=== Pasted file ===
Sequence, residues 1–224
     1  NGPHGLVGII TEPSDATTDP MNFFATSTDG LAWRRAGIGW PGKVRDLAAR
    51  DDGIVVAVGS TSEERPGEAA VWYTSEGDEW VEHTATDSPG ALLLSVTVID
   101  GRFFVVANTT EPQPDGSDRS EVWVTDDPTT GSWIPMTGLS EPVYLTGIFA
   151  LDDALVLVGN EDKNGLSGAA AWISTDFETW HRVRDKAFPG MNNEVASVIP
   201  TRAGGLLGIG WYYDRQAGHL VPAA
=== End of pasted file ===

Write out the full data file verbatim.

Sequence, residues 1–224
     1  NGPHGLVGII TEPSDATTDP MNFFATSTDG LAWRRAGIGW PGKVRDLAAR
    51  DDGIVVAVGS TSEERPGEAA VWYTSEGDEW VEHTATDSPG ALLLSVTVID
   101  GRFFVVANTT EPQPDGSDRS EVWVTDDPTT GSWIPMTGLS EPVYLTGIFA
   151  LDDALVLVGN EDKNGLSGAA AWISTDFETW HRVRDKAFPG MNNEVASVIP
   201  TRAGGLLGIG WYYDRQAGHL VPAA